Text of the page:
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Cerebellar structure and function: making sense of parallel fibers.
Heck D, Sultan F.
of Biology III, Neurobiology & Biophysics, University of Freiburg,
79104 Freiburg, Germany. firstname.lastname@example.org
parts of the brain have to cooperate in a finely tuned way in order to
generate coordinated motor output. Parameters of these cooperations are
adjusted during early childhood development and years of motor learning
later in life. The cerebellum plays a special role in the concert of
these brain structures. With the unusual geometrical arrangement of its
neuronal elements, especially of parallel fibers and Purkinje cells the
cerebellum is a selective and sensitive detector of a specific class of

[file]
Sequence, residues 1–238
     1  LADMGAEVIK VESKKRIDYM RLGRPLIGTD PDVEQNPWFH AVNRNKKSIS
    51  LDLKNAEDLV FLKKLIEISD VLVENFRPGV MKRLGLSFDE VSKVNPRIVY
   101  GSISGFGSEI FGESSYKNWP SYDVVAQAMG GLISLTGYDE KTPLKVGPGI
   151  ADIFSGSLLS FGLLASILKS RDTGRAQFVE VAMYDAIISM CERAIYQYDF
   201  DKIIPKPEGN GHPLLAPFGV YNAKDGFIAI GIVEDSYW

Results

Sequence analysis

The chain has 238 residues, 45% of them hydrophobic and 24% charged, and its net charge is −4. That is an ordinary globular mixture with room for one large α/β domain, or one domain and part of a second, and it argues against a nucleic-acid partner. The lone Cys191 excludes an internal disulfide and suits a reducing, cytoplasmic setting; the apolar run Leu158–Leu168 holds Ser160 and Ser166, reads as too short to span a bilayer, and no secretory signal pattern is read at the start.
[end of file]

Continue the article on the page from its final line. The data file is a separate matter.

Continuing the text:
spatio-temporal activity patterns in the mossy fiber system: sequences
of excitatory input which 'move' along the direction of parallel fibers
at about 0.5 m/s, i.e. the speed of spike conductance in parallel
fibers. Precise spatio-temporal neuronal activity patterns have been
shown to occur in two major sources of afference to the cerebellum, the
neocortex and the sensory feedback system. Based on our own
experimental work and the above-mentioned findings we suggest that the
cerebellum detects specific spatio-temporal activity patterns which
trigger learned cerebellar output related to motor control and which
contributes to the control of precise timing of muscle contraction.
Copyright 2002 Elsevier Science B.V.
PMID: 12381396 [PubMed - indexed for MEDLINE]